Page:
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MUMBAI: A long spell of sluggish approvals for generic drugs in the US may be nearing an end with early signs of a rebound. A backlog of as many as 4,000 pending applications at the US Food and Drug Administration (USFDA), of which a fourth is estimated to have been filed by Indian firms, is awaiting clearance. Fortunes of generic drug makers to a great extent hinges on their approval timelines. Experts say going by the current run rate, the FDA may clear at least 470 such products this year,a sharp uptick from 409 approvals in 2014.

The number may even cross 500 if the FDA does not seek additional details via complete response letters. Some of these products may mark the entry of new companies in areas that have so far seen limited competition, implying a cut in profit margins. As part of a fixed five-year plan, the Generic Drug User Fee Amendments were initiated in 2012 in the US to facilitate a speedy approval process, with industry players paying a fee to supplement costs of reviewing the applications and inspecting facilities.

While the first two years of the plan did not show a perceptible change in terms of faster approvals, the FDA had shared details on industry forums about additional hiring for review processes and investments made to accelerate the pace of approvals. Some of the Indian drug makers have already seen faster approvals this year. A recent report by HSBC analyst Girish Bakhru named Aurobindo Pharma as a company that has witnessed a higher number of approvals.


It indicated the company has a better approvals outlook and can be expected to see growing sales of its injectables towards the end of 2015-16. Aurobindo has gained 17 FDA approvals so far this year, second in the chart among Indian firms.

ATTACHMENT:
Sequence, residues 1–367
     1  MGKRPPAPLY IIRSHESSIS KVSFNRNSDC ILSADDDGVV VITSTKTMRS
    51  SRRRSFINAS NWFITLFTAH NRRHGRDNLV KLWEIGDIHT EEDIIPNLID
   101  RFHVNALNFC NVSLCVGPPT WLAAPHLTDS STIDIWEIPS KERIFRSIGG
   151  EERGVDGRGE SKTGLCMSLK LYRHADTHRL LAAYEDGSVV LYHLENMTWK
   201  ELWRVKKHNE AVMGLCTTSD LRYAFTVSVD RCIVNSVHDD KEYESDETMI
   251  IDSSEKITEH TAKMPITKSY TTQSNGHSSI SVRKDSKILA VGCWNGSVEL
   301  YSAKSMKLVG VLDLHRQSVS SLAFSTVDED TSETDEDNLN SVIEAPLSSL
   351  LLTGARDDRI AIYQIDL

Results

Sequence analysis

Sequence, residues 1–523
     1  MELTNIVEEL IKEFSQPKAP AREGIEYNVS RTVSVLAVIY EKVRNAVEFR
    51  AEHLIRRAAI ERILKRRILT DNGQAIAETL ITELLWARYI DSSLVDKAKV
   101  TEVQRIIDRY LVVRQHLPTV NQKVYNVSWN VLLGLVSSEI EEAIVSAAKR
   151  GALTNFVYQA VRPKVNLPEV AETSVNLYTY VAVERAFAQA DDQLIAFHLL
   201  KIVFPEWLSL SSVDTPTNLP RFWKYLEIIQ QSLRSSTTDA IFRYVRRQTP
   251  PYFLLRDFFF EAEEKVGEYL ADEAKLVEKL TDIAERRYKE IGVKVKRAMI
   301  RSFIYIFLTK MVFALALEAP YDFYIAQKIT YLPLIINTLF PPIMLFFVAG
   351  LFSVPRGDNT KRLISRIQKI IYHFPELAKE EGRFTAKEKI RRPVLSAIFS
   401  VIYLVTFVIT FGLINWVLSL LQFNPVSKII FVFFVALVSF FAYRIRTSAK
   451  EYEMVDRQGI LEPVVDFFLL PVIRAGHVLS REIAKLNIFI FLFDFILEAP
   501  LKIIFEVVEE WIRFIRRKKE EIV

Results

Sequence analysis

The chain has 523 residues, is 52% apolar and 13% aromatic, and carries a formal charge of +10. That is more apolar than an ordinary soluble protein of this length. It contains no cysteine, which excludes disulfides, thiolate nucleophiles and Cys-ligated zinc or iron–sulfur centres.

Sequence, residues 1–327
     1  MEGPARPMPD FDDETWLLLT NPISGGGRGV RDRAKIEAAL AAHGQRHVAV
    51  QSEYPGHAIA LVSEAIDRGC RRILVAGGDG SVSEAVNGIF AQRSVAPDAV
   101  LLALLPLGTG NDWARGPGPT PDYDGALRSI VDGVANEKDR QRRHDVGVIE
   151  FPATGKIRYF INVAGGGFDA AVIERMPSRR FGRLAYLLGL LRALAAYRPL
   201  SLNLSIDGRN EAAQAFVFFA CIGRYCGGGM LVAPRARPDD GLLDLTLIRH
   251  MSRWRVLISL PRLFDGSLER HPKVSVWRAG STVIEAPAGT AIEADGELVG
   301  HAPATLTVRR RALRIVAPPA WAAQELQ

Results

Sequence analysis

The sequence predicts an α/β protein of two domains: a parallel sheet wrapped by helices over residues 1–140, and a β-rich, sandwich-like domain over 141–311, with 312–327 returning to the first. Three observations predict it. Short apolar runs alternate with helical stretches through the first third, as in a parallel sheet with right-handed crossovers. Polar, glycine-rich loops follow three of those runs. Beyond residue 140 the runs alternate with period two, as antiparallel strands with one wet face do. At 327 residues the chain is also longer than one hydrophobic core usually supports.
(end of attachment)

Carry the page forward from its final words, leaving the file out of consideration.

Lupin has emerged as the biggest beneficiary of the GDUFA process as the company gained approvals for 19 products in 2015. Last week, the company disclosed of an approval, its third in five days, for a delayed release version of gastric ulcer and heartburn drug omeprazole.

A few big companies, however, are lagging in terms of approvals like Dr. Reddy's, Sun and Cadila. Applications from these companies are mostly held back due to their internal manufacturing related issues rather than the FDA's application review process.

Over the last 12 months, Sun has undertaken a corrective action plan at its crucial site at Halol in Gujarat.Dr. Reddy's, similarly, is seeing a delay in approvals of big-ticket drugs owing to observations cited by the FDA at its Srikakulam site in Andhra Pradesh. Cadila's Moraiya facility in Gujarat is also expected to gain clearance for over a dozen products, once those pass through the FDA's checks. Analysts also note that the volume of filings for generic products by Indian companies surged, adding to the existing logjam.



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